Rumsby’s surveillance metamorphoses Jeremy Bentham’s Panopticon into mobile form. He demonstrates how this can be done. Making visible the invisible is an important skill for any police state, as is making other things disappear. There are numerous examples of how the artist has been mobilized in the re-gentrification of the inner city, for example. A film like The Mission (1986), for example, demonstrates how the church was used in South America to soften up the population for colonisation through military conquest.
Yet there is also an empathy there. The rain cries for the death of a local homeless man in a nearby parking lot. Martin has lived on the street. His Chicago films Dots (2003) - initiated by a street meeting with African American drug addict Dots - and Brown Barbeque (2002) filming a rare encounter with Dots’ family are observational Cinéma vérité moments shot from the hip, mobilizing Rumsby’s ethnographic training. Though shot before Eye I Aye, these works successfully explore the kind of intimacy promised by the final shot of Eye I Aye.
Why the difference between Chicago and Manurewa? Perhaps it is that in Chicago, Rumsby is also an outsider. He speaks with difference. In Manurewa he is implicitly marked by the history of the place. Like his cypher-like subjects he has been hard-wired into its denials and invisibilities over a long period time. This duration is the equal of his long engagement with experimental film, nationally and internationally as artist, organizer, curator, viewer and witness. Both lines map a precarious and outsider existence.
Perhaps it is the inexorable boredom of suburbia’s repetitions that is being communicated through Manurewa’s absences, and there is also the Māori and Pākehā race relations underneath it all. Certainly Rumsby intimates a bottom up perspective on this issue compared to Lisa Reihana’s In Pursuit of Venus [infected] (2015), a spectacle viewed recently at the Auckland Art Gallery. Rumsby travels the low road in his employment of technology. Although Reihana’s technically impressive ‘exotic’ work promises the cache of International Art gallery exhibition, Rumsby’s observations are played out daily on every city street corner around the world. When Rumsby’s voice-over respectfully talks of Dida and Erana’s lives as "a life of straightforward being", there is a trace of that view of the essential good of the "noble savage", but here refurbished for post-industrial use.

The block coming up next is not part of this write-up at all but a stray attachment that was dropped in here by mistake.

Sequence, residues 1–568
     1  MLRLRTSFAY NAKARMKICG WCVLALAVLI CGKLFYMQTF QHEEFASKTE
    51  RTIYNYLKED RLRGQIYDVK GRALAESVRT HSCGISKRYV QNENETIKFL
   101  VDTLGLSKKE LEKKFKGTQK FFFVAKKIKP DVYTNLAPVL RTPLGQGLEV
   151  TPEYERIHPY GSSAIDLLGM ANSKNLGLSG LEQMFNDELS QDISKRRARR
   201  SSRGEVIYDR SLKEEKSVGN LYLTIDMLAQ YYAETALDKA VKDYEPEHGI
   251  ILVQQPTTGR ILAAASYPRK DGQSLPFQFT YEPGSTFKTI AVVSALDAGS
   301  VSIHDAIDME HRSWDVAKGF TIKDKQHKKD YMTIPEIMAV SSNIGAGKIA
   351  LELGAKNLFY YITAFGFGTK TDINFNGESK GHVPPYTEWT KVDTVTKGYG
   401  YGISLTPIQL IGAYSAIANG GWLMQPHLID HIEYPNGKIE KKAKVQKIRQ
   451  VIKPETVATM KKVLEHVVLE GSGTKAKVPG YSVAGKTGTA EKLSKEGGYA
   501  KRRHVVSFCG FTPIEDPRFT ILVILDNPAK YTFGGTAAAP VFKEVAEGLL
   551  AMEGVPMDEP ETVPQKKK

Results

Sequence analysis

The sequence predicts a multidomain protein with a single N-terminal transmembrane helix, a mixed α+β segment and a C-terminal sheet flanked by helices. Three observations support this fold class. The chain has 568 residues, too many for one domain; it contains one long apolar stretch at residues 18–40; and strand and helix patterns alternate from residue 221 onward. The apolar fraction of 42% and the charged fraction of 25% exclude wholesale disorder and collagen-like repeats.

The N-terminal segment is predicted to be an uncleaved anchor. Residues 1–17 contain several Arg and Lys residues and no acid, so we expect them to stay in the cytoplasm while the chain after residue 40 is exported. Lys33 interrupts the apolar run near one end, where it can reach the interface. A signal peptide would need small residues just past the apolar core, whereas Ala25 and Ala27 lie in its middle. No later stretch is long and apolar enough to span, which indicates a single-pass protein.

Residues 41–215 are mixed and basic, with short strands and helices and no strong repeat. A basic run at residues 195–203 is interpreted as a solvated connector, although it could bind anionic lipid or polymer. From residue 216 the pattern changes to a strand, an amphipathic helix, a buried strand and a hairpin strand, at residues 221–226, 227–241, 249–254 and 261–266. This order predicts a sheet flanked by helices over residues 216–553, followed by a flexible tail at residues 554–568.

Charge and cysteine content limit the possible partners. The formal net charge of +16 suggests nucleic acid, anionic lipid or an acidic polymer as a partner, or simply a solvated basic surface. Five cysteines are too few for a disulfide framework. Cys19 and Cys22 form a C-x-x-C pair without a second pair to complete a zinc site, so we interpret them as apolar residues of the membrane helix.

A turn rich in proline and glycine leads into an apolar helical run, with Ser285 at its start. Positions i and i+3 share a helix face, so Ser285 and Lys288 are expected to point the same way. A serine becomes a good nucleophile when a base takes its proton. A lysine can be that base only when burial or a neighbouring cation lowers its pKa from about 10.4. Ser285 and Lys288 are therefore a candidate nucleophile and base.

I ask again; where to place Eye I Aye in the history of Experimental Film? Apart from Rimmer, Paul Winkler’s Isolated (1967) comes to mind. As a New Australian himself, in his first film Winkler filmed indigenous Australians on Sydney’s city streets, wondering why these original Australians were doing so badly. Later he made the empowering Dark (1974), a trance film that honed in on their dis-enfranchised status. But it has been a revisiting of Serbian experimental cinema from the 60s, from Tito’s Communist Yugoslavia that some unexpected affinities come into focus, particularly Mihovil Pansini’s Zahod (Toilet) (1964), Tomislav Gotovac’s Circle (1964) and Želimir Žilnik’s Black Film (1971).
In Zahod the camera captures the worker at a public restroom going through his rituals, unawares he is being filmed from a position above the action. The film suggests that even the most random of actions are programmed by one’s position in society. In Circle the camera pans in widening circles slowly across a cityscape, a trajectory scripted more from a predetermined plan than by the action it collects, predicting the concerns taken up by that Structuralist film formulated by P. Adams Sitney, Peter Gidal and Malcolm Le Grice. In Black Film Žilnik crosses the technological line into personal space. He invites a number of homeless people to live in his home, despite his wife’s concern. The film does not resolve the politics that has led to this intervention but Žilnik included a proclamation at the end of the film: “the film is about the position of filmmakers and intellectuals, who although they pretend that they are changing the society and helping people, are actually not doing anything but making films.” (Gurshtein, 2014)
For Pansini, “every form, every experiment is permitted and welcomed in the foreseen new society, free from bureaucratic statism and social constrictions. Antifilm is the “act of discovery and research; it is an integral part of life”; it means liberation from myths, authority, rules, laws, and terror.(1) Yet today we have a surveillance machine producing a City Symphony in real time. This security network records every street corner of any international metropolis to the state authority’s benefit. Every intimate gesture is caught in cold analytic detail. A security workforce trained with perceptual strategies gleaned from the language of formalist film is now required to unpack these hundreds of hours of visual record, and face recognition software now promises to make redundant even this minimalist human intervention. Eye I Aye stands at the fulcrum of this shift in technology from open to closed system.